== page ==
Develop assets such as videos, articles, whitepapers, product guides, and interactive quizzes to drive interest initially, followed by personalized resources such as webinars and workshops to engage target accounts later on. By basing ABM personalization on your value proposition, you’ll keep your message consistent across all channels.
4. Align Your Sales and Marketing Activities
For your ABM programs to succeed, your sales and marketing teams must align their activities. LinkedIn’s ABM on the Rise report shows a company’s level of marketing and sales alignment typically indicates strong links with its degree of ABM success.
Alignment enables your marketing and sales teams to share their knowledge of the target and personalize all the touchpoints. Marketers can optimize the content, and salespeople can drive messages home while interacting with individuals. A June 2022 Forrester report shows 80% of B2B buyers surveyed were more likely to purchase after personal interaction with salespeople.
5. Distribute Across Appropriate Promotion Channels
Once you’ve implemented the first four tactics, you should possess a wealth of personalized content for your primary target accounts. However, since a 2022 survey shows 55% of B2B buyers now rely more on content to research and make purchasing decisions than they did a year ago, all that is useless unless you can get your assets seen by the right people.
McKinsey claims the average B2B buyer regularly uses six different channels during the decision journey, so it’s critical to identify the channels your prospects consume most often and get your content out through those routes. For example:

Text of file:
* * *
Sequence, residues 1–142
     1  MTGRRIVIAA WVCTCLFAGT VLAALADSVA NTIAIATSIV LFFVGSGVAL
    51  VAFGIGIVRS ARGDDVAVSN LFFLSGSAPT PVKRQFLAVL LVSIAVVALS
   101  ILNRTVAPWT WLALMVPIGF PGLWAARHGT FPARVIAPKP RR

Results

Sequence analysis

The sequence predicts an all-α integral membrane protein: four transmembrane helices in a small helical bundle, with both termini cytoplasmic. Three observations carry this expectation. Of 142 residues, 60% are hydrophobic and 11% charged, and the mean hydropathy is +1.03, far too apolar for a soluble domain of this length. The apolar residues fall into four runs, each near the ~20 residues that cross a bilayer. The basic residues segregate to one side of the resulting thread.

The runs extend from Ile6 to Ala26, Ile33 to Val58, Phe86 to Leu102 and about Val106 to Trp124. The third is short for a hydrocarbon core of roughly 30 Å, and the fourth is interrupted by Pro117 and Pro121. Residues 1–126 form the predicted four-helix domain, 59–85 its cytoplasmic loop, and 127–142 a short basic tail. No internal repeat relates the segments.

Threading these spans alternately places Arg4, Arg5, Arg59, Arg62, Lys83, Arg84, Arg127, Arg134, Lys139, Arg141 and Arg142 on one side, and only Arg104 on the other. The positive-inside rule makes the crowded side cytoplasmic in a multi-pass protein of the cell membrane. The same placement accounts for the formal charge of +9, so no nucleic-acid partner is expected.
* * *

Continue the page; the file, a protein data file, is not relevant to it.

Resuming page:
- Personalized emails are great for promoting conversations with one-to-one and one-to-few targets.
- Paid media delivers customized messaging to your prospects in trade publications and industry spaces they attend frequently.
- Check out what videos your prospects consume. Develop and distribute clips that are personalized for your audience.
- Connect intent data with a programmatic ad platform to deliver personalized content to your target’s devices.
- Use remarketing to re-engage former visitors and steer them towards a buying decision.
- Try offline methods such as hand-written notes or QR codes to attract your target’s attention in a non-digital context.
All these tactics aren’t just helpful in acquiring new client accounts. Personalized ABM can also help you to grow and retain existing clients.
Making the Right Choice for Better ABM Personalization
Choosing which tier of ABM and which level of ABM personalization is right for you and your organization largely depends on your sales cycle, budget, and bandwidth.
For many organizations, it makes sense to dip your toe into the ABM pool by leveraging technology to create personalized experiences at scale, while also trying out some high-investment, high-reward plays for top-tier accounts.
Regardless, we know that ABM personalization is what all buyers have come to expect, regardless of whether they’re on your top account list or not.